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Restaurant review: The Providores, Marylebone

PUBLISHED: 10:31 02 February 2015 | UPDATED: 10:31 02 February 2015

The Providores, Marylebone, by Jonathan Gregson

The Providores, Marylebone, by Jonathan Gregson

© Jonathan Gregson 2014

Sophisticated plates meet Europe’s largest collection of New Zealand wine

I’ve never been to New Zealand, but I’ve always been a fan of its wine.

So when I was told The Providores and Tapa Rooms houses the largest collection of kiwi vino in Europe, my carbon footprint was relieved.

The extensive yet painstakingly thought out wine list, coupled with the fine food, explain the well groomed, smartly clad clientele that pack out the Povidores, which sits elegantly above its noisier sister the tapa rooms.

The refined interior is a classic sea of white table cloths adorned with an enormous surrealist canvas and creates the perfect setting for its delicately balanced and flavourful fusion dishes.

The Details

The Providores,

109 Marylebone High Street

W1U 4RX

Tube: Bond Street

T: 020 7935 6175

W: theprovidores.co.uk

Food: three courses, £47

Wine: from £16 (400ml)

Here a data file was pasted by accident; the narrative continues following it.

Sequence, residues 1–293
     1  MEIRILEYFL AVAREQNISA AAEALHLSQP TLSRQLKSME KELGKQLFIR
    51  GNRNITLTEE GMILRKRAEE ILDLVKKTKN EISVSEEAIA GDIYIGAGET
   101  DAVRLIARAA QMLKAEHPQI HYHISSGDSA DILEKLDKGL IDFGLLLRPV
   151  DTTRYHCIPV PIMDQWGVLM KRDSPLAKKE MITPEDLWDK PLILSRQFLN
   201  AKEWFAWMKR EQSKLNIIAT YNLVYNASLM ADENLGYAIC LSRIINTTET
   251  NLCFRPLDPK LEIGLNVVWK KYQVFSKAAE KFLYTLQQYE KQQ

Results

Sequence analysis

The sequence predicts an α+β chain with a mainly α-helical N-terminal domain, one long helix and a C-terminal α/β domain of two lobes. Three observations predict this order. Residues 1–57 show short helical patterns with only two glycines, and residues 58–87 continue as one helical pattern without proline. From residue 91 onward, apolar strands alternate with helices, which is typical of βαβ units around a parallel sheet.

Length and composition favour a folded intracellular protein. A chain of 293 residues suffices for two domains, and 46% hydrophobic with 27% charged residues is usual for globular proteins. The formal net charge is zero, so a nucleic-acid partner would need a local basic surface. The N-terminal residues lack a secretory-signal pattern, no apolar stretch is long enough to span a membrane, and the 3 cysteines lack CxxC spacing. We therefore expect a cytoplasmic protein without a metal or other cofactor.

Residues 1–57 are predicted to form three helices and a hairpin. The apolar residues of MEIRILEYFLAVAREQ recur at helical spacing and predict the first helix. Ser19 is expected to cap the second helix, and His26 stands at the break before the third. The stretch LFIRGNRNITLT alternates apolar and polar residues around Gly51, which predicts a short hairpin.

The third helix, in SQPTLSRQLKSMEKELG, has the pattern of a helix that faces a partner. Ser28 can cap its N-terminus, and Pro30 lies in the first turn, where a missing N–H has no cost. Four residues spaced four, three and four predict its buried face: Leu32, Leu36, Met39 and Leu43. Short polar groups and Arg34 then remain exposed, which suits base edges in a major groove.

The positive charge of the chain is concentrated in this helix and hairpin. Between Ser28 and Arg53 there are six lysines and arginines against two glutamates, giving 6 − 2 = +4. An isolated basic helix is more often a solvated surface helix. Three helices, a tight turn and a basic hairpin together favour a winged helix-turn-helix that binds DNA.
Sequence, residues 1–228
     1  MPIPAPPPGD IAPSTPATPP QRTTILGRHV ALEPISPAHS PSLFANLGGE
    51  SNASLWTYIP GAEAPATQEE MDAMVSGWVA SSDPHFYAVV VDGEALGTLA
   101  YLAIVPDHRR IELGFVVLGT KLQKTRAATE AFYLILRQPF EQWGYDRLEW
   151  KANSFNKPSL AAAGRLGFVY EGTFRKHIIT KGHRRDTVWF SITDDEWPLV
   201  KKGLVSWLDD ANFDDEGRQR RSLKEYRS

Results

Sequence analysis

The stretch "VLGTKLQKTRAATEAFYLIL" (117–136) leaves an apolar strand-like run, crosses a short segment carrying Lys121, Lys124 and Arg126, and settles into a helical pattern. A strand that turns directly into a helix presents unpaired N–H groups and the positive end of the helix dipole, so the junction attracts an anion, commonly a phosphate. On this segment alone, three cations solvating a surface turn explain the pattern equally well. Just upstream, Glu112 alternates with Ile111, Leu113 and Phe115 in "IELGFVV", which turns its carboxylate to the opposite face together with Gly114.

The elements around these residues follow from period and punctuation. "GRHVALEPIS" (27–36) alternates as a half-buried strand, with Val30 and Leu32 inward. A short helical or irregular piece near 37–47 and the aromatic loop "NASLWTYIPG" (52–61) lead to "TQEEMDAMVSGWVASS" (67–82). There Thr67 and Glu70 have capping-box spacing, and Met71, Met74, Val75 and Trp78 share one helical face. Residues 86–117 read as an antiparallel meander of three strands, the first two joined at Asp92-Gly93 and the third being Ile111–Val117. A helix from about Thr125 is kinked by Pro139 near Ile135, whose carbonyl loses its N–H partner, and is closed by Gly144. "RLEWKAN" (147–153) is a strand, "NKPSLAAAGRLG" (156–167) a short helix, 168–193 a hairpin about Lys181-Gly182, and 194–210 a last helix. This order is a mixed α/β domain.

Disabled access: Yes

Children welcome: Yes

Yet touches like a complimentary glass of bubbly, and wine served in a 400ml carafe allow you to delve into the collection without breaking the bank.

The food menu includes a list of about a dozen small dishes to be enjoyed like tapas across the evening with a set price determined by dish per person.

The fish was the most impressive, and we sampled five dishes, each remarkably different.

The yellowfish tuna was a precise and fresh plate with bursts of coriander and lemon beautifully accompanying sweet hints of papaya and the comforting crunch of peanut.

The smoked eel and pan-fried breem were cooked perfectly and showcased the quality of the fish, while the pan fried scallops were succulent and juicy alongside a lime puree and smoked tomato and watercress salad.

Among the meat dishes, the seven hour roasted lamb shoulder was a simple reprieve, the flavour of the meat allowed to shine alongside cauliflower, wild mushrooms and pomegranate.

A surprising combination was beef and pesto, but the tender slab of marinated fillet actually shone with the sweet pesto.

Another highlight was the fragrant, lightly spiced dahl, while slices of rich duck coupled with a delicate mix of 
moromi miso aubergine, shallots, lime and watercress was also excellent.

The best of the wine selection was the fruity, light and 
smooth Viognier. But a full bodied red we tried was equally drinkable.

Rory Brigstock-Barron


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